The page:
Researchers have called for sponsors of COVID-19 clinical trials to run more diverse studies. The call follows an analysis of Gilead’s remdesivir clinical trials that found the studies “failed to provide equal representation of Black, Latinx and Native Americans.”
Writing in the New England Journal of Medicine, the researchers cite data showing Black Americans account for a disproportionate number of COVID-19 cases in the U.S. In Alabama, for example, Black or African American people make up 27% of the population but account for 43% of cases. Hispanic or Latino people are also overrepresented in COVID-19 case data in Alabama and other states.
The data suggest approved COVID-19 drugs will be used extensively in Black, Latinx and Native Americans. Yet, the researchers found data supporting the efficacy and safety of remdesivir, an early COVID-19 drug, in minority groups “are limited.”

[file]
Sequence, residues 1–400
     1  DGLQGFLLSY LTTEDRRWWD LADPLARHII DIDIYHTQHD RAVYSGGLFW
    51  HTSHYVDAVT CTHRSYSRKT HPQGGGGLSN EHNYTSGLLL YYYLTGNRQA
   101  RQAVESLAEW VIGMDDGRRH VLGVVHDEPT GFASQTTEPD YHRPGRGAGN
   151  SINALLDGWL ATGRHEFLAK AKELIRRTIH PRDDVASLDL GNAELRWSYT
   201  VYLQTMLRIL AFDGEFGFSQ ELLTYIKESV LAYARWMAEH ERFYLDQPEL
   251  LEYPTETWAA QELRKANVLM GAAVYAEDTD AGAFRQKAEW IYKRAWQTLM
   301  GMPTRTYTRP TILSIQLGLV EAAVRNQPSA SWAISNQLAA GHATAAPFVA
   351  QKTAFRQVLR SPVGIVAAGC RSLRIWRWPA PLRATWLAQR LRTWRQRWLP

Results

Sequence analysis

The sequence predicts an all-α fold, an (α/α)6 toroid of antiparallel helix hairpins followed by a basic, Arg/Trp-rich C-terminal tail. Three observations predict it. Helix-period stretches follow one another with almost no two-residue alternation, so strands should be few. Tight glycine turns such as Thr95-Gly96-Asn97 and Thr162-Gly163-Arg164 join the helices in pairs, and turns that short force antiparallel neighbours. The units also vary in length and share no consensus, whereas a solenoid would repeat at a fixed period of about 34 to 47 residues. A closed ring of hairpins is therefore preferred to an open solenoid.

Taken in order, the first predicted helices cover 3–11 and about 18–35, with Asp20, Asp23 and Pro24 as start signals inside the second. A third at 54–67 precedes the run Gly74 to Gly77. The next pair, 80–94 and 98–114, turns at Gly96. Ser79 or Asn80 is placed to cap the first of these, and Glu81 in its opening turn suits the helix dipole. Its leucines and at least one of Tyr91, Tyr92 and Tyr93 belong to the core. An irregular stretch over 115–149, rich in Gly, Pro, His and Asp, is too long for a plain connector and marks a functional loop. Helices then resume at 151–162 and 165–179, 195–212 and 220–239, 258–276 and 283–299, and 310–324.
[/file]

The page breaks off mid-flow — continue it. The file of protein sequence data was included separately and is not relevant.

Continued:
That claim is based on an analysis of the demographics of the subjects in several remdesivir datasets. In a 397-subject clinical trial sponsored by Gilead, 11% of the participants were Black Americans. The figures are higher for other studies—20% of the 1,063 subjects in the National Institute of Allergy and Infectious Diseases’ Adaptive Covid-19 Treatment Trial were Black—but still too low in the view of the researchers.
“The modest benefit seen in time to clinical improvement with remdesivir may not be generalizable to minority populations, given the differences in disease severity and outcomes,” the authors wrote.
A lack of diversity in clinical trials is a long-standing problem that has persisted despite federal law mandating the inclusion of minorities in government-funded research. The persistence of the issue in COVID-19 clinical trials has prompted the researchers to push for change.
The authors of the NEJM piece want the sponsors of Covid-19 clinical trials to “prioritize inclusion of patient populations that reflect the demographics of the ongoing pandemic.” With that goal in mind, the researchers are advocating for “appropriate random sampling and the expansion of clinical trial sites to vulnerable communities with high-risk patients.”